Forest tent caterpillar homeowner tip sheet

Dealing with forest tent caterpillars (FTC) can be very frustrating!During the first three weeks of June, they can be a downright nuisance. They don't cause a health risk to humans, but the presence of hundreds or thousands of caterpillars can be a real headache. Fortunately, the nuisance associated with FTC outbreaks can be reduced by individual homeowners. The effect of FTC defoliation on shade trees, ornamental plantings and gardens is also important consideration for the homeowner.

Nuisance
Homeowners may want to adopt two basic strategies. First, identify the trees or buildings that you want to protect. Then work to protect the things you selected and ignore the rest (or at least try to). It takes a lot of time and energy to try to protect everything on your property. Second, be persistent. Some treatments may require daily monitoring or retreatment.

How can I keep them off my house, patio, lawn furniture, etc.?
1. Caterpillars can be brushed off the house with a stiff broom or knocked down by a stream of water. If possible, do this daily. Avoid squashing caterpillars on the house. You can also treat lawn furniture, patios, decks, screens, etc. with either of these two methods. The longer caterpillars sit on painted surfaces, the more difficult it is to wash away any staining that may occur.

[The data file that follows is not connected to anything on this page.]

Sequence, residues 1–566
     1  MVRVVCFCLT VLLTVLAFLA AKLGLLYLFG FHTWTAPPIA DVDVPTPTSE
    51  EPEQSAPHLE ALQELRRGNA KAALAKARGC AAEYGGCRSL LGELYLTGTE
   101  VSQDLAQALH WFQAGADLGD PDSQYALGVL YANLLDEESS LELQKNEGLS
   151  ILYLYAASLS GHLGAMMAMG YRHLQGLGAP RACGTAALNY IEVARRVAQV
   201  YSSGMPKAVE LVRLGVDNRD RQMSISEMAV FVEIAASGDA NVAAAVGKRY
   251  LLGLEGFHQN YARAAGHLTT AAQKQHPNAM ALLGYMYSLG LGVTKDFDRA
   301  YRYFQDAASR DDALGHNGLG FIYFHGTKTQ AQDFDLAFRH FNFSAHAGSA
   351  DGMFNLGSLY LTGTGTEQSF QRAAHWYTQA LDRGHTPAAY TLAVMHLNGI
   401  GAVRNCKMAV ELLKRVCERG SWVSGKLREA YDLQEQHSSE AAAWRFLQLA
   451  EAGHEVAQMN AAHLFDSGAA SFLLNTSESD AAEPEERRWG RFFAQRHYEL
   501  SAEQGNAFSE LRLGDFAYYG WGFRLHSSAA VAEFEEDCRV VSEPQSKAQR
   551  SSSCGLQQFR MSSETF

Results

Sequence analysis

2. Spray a labeled insecticide on the concrete foundation of your house. Some products containing malathion are labeled for home structural application. Don't spray onto paint or stain as the insecticide may damage the finish. Repeat applications as indicated on the product label. Commercial pesticide applicators may be able to use more effective insecticides.

3. Dispose of dead caterpillars by burying them or mixing them into the compost pile.

4. Cocoons may be difficult to remove by water pressure. They can be brushed off the house with a stiff broom. Bag, burn, bury or compost the cocoons.

Reduce Defoliation